n African Journal of Psychiatry - A survey of HIV-related knowledge among adult psychiatric patients. A South African Study - part 2 : original
|Article Title||A survey of HIV-related knowledge among adult psychiatric patients. A South African Study - part 2 : original|
|© Publisher:||In House Publications|
|Journal||African Journal of Psychiatry|
|Affiliations||1 University of Pretoria, 2 University of Pretoria, 3 University of Pretoria and 4 University of Pretoria|
|Publication Date||Sep 2012|
|Pages||335 - 339|
|Keyword(s)||HIV-related knowledge, Mental illness, Psychiatric patients and South Africa|
Objective : Studies have reported an increased prevalence of HIV infection among psychiatric patients. Inaccurate HIV knowledge is included as a factor in the increased risk of HIV infection in the mentally ill, but few studies have looked specifically at this factor. The aims of the study were to determine the knowledge of HIV and its transmission among adult psychiatric patients at Weskoppies Hospital and to determine the relationship between HIV knowledge and HIV risk behaviour.
Method : Structured interviews were conducted with 113 consenting adult patients at Weskoppies Hospital. They were divided into three groups according to their length of hospital stay. The structured interview included questions about demographic data, the diagnoses and the AIDS Risk Behaviour Knowledge Test (AIDS-KT). Scores of 13 out of 13 represented accurate knowledge of HIV (level I); scores of 10-12 represented good knowledge (level II); scores of ≤9 represented poor knowledge (level III).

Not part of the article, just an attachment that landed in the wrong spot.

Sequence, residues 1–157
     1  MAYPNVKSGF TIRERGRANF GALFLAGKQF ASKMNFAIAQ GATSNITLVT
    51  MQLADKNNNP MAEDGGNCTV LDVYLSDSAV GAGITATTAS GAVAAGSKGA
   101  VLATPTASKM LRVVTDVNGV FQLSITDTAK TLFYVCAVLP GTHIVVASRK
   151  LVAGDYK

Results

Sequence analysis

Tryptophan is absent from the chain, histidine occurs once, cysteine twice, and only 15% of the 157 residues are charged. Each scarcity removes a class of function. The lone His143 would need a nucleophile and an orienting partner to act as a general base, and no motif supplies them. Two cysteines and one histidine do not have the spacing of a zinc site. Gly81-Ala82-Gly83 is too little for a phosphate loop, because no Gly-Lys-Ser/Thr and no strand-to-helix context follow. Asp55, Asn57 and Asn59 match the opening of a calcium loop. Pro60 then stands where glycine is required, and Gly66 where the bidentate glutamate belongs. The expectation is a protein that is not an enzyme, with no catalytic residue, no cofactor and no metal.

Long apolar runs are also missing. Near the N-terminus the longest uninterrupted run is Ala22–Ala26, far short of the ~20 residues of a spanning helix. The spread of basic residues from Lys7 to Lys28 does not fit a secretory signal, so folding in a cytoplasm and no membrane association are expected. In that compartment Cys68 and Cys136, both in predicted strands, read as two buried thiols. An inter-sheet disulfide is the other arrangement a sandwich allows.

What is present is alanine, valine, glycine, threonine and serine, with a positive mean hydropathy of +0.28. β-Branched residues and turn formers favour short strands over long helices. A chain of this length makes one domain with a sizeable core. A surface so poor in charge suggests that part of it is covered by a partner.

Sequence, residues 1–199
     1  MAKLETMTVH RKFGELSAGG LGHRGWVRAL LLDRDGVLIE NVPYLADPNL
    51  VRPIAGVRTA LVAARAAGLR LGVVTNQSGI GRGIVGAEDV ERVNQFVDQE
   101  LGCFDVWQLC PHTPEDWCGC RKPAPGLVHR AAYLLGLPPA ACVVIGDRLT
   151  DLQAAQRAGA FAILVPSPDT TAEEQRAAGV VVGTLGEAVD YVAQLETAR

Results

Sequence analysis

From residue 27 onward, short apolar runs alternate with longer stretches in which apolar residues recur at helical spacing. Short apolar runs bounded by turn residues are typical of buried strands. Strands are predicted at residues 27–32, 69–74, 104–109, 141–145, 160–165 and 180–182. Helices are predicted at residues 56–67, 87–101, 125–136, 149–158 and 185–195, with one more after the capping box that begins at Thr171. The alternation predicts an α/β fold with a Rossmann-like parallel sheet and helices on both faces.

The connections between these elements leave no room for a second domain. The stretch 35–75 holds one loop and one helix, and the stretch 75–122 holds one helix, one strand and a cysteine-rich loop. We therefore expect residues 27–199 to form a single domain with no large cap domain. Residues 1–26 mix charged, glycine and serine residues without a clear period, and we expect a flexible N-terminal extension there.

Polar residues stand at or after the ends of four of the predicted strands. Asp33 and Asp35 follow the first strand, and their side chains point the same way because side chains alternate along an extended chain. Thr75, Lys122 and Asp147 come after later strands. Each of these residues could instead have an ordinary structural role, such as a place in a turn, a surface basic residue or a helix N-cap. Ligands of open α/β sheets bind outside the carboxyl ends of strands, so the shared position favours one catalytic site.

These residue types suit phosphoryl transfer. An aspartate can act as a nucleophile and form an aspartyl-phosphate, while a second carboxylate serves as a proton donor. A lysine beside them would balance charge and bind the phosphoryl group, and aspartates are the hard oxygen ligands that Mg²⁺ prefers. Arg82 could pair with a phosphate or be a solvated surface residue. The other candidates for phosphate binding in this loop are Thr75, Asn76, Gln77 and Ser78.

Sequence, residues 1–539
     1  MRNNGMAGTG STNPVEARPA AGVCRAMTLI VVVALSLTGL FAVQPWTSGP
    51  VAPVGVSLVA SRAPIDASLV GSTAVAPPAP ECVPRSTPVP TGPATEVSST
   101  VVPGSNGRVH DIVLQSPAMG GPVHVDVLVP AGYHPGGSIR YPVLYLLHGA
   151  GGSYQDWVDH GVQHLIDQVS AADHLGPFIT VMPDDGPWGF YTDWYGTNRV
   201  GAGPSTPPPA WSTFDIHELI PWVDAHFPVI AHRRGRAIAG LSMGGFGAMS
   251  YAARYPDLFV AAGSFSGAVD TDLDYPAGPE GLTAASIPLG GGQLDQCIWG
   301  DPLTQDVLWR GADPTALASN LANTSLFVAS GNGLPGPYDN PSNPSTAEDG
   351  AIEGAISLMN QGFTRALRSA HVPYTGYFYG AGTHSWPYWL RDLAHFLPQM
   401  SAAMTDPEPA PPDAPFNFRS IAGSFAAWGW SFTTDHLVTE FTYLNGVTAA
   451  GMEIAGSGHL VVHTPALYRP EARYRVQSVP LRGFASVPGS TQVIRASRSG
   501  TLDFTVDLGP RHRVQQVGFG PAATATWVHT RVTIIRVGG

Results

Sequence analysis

Results : A total of 104 patients (92%) demonstrated excellent knowledge of HIV and its transmission (levels I and II). There was no significant linear association between HIV knowledge and risk-behaviour scores (Pearson's correlation coefficient r=-0.11).
Conclusion : The presence of high-risk behaviours despite good HIV-related knowledge in this group of patients, leads us to think that knowledge alone will not limit HIV risk behaviours. For this reason, educational programmes should not be limited to interventions that simply increase knowledge about HIV infection but should extend to clinical factors, including patients' motivation and readiness to change their behaviour.
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